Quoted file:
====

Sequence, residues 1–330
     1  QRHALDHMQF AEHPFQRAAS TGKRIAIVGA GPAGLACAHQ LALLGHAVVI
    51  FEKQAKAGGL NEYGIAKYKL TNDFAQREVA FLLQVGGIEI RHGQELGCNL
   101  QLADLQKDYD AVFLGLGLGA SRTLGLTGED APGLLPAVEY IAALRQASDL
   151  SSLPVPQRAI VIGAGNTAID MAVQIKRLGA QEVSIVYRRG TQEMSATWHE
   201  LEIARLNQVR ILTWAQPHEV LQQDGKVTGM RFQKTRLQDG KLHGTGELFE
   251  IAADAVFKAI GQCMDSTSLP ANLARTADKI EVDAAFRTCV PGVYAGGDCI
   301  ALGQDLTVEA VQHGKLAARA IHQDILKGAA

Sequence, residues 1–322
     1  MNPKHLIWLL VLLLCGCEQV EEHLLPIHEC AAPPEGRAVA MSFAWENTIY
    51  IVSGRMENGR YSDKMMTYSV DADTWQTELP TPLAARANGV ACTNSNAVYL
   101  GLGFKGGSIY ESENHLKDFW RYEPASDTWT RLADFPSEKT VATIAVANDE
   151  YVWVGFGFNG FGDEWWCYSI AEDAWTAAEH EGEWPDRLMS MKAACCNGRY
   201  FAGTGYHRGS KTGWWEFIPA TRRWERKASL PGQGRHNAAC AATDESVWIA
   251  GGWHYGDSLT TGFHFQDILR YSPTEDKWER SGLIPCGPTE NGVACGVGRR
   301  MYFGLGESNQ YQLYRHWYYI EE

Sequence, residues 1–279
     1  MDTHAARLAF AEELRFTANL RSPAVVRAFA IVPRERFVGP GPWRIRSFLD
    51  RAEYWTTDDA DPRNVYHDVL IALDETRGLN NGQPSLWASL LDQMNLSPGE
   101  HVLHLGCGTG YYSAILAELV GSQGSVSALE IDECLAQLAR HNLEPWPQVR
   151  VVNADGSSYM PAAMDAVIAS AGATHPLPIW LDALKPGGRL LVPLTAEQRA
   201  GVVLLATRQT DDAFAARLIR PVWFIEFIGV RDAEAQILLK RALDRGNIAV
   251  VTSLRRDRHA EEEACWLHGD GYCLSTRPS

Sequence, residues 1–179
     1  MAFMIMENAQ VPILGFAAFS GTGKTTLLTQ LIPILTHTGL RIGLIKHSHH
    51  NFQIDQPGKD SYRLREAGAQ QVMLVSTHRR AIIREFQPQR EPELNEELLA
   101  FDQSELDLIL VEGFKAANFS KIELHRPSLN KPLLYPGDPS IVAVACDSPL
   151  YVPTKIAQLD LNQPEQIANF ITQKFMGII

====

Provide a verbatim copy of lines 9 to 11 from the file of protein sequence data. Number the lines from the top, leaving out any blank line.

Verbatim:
Sequence, residues 1–322
     1  MNPKHLIWLL VLLLCGCEQV EEHLLPIHEC AAPPEGRAVA MSFAWENTIY
    51  IVSGRMENGR YSDKMMTYSV DADTWQTELP TPLAARANGV ACTNSNAVYL